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Review: Broadway’s ‘Fully Committed’ Traps Jesse Tyler Ferguson in Restaurant Hell

Three (out of five) stars for this one-man show about New York’s notorious restaurant scene

Joan Marcus

In this special edition of Eater at the Movies, which usually focuses on food on film, Joshua David Stein goes live — to the theater.

Foam. No more contemptuous epithet has been launched at the project of molecular gastronomy than foam. Foam, worse than tweezer food. Foam, worse than infusion. Foam, worse than foraged. In fact, the only more cutting deprecation might be froth.

But froth and foam were on my mind as the curtain opened on Fully Committed, a play by Becky Mode, which opened last night at Broadway's Lyceum Theatre. Fully Committed —€” the phrase is taken from the pretentious lingo of the New York restaurant world for "booked up" —€” concerns itself with the harried workday of Sam Callahan, a reservationist at what the script calls "a four-star, multiple-award-winning, ridiculously trendy Manhattan restaurant."

In this one-man show, Modern Family’s Jesse Tyler Ferguson plays 40 characters with near-pitch perfection.

On the menu, of course, is foam: lavender foam and codfish foam, to be precise. Not to mention "crispy deer lichen atop a slowly deflating scent-filled pillow, dusted with edible dirt" and "smoked cuttlefish risotto in a cloud of dry ice infused with pipe tobacco." It's safe to say Nathan Myhrvold would not appreciate the evening's view of his life's work.

That's not to say he wouldn't find the play enjoyable. It is a one-man show and that man, Modern Family's Emmy-nominated Jesse Tyler Ferguson, plays 40 characters with near-pitch perfection. (The director is, coincidentally, Pitch Perfect's Jason Moore.) Many of these voices, which are on the other side of a phone reservation line, are pitiful desperadoes, angling for a reservation. A few are co-workers, in varying degrees of vaguely sympathetic hue. There are scant good guys. One is Sam's father back in South Bend, Indiana. The other is his father's friend.

The unseen omnipotent godhead is, of course, the chef. And, given the low esteem in which Mode apparently holds the restaurant world, he is predictable, an impetuous pretentious d-bag who speaks like Rob Huebel and for whom Ferguson puffs out his chest and widens his stance, as if standard standing wouldn't accommodate his massive balls. In the words of Mode, the chef is "more like an overgrown frat boy than the international culinary sensation that he is." The maitre d', meanwhile, is a flamboyant Frenchman named Jean-Claude. Subtle, the play isn't.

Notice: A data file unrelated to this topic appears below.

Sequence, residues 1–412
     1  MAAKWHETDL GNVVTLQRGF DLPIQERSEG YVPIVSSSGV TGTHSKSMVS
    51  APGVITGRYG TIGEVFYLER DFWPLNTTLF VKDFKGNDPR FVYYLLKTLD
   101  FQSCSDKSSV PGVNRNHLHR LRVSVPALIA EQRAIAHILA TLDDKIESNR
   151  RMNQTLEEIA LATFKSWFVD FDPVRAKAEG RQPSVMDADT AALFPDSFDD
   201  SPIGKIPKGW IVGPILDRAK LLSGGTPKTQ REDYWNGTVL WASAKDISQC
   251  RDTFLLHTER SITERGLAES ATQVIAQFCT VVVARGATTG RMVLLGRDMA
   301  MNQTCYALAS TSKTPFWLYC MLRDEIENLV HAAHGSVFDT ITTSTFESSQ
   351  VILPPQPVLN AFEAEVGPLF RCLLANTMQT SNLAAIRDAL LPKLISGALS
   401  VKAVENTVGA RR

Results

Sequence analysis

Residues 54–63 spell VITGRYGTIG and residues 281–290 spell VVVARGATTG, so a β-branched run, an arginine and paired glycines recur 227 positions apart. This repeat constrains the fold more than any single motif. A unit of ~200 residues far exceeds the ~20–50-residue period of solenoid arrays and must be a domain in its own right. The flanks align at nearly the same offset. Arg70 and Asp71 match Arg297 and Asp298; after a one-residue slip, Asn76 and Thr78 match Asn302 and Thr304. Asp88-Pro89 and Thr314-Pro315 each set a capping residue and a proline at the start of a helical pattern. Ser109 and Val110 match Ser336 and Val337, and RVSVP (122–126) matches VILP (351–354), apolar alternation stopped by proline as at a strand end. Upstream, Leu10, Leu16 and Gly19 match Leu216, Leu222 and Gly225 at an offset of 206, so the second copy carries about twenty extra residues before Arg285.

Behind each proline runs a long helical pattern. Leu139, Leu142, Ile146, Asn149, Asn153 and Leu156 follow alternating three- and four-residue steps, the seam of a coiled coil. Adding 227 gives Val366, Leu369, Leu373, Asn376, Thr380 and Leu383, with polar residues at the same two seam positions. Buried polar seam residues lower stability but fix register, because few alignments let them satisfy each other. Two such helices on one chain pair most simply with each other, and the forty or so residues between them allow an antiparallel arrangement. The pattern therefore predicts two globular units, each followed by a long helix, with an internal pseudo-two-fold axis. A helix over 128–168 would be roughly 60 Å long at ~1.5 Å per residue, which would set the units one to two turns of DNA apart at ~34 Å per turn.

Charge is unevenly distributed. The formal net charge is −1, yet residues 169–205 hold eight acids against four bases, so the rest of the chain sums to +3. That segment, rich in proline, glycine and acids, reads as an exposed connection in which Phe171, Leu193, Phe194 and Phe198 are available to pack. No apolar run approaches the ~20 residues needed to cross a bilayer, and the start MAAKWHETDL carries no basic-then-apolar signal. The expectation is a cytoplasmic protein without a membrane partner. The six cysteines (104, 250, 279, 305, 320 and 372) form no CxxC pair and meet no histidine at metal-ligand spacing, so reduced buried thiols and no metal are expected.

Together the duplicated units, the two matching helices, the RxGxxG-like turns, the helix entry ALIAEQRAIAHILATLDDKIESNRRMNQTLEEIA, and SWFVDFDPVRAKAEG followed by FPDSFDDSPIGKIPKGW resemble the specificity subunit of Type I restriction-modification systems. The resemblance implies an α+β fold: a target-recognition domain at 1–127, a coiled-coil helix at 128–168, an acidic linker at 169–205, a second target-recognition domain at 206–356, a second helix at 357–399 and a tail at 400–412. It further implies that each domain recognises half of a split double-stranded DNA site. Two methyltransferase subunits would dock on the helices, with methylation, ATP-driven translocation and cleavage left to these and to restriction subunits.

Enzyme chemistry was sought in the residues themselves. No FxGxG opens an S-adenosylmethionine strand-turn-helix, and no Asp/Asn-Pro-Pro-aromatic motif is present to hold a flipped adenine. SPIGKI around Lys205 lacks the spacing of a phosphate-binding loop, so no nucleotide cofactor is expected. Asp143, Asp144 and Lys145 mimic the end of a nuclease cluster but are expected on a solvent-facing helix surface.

Ferguson gamely toggles between the characters like Lee Evans in Funny Bones. Both his physical stamina and his dialect precision is impressive. Before one's eyes, Ferguson becomes Carolann Rosenstein-Fishburn, an agitated socialite, Mrs. Sebag, an unpleasant housewife with a persecution complex and, my favorite, Bryce, Gwyneth Paltrow's abrasively chipper personal assistant. Especially as the play unfolds, Sam grows wearier and wearier whilst his tormentors grow even more and more agitated — the twitchy modulation must be massively difficult to pull off. But this Ferguson does.

Nearly all of the characters in Fully Committed are caught in some cycle of suffering.

As opposed to other many charactered one-person shows like Sarah Jones' Sell/Buy/Date, nearly all of the characters in Fully Committed are caught in some cycle of suffering. In some ways, the nature of the restaurant and Sam's role as its gatekeeper all but ensures the relationship we see amounts to misery. But man, does Mode play it up.

Sam works in a basement, a convenient stand-in for Hades. When he is forced to invent a character to evade the wrath of Mrs. Sebag, he comes up with the name "Dante." Between the infantile imprecations of the chef, the demands of the clients, his own shit, and the malfeasance of his coworkers, Sam is stuck in some Michelin-rated bolgia.

For this, among other reasons, the play reminds of flipping through cartoonist William Steig's slim 1942 volume, The Lonely Ones, a book full of disparate lonely characters, whose piteous state is accompanied by gnomic captions. (See example, left.) There is no discernible order or relationship between the tortured characters found in Steig's book. They are united only by their communal loneliness. Similarly, there is not much of a discernible plot to be had in Mode's play. There are anecdotes and episodes and a vague feint at self-empowerment, but mostly it's just an infinite scroll of accents, affect, and attitude.

As a divertissement, Fully Committed excels. It is an amuse bouche, as there is no better way to pass an evening other than, perhaps, at Pasquale Jones, Cafe Altro Paradiso, or Le Turtle. But you'll never get a reservation there, anyway. As to whether the play is successful or not, that depends on what you think of foam. For me, foam is fun, but it will never a satisfying meal make.

Rating: Three out of five stars.

Fully Committed will run at New York City's Lyceum Theatre through July 24.

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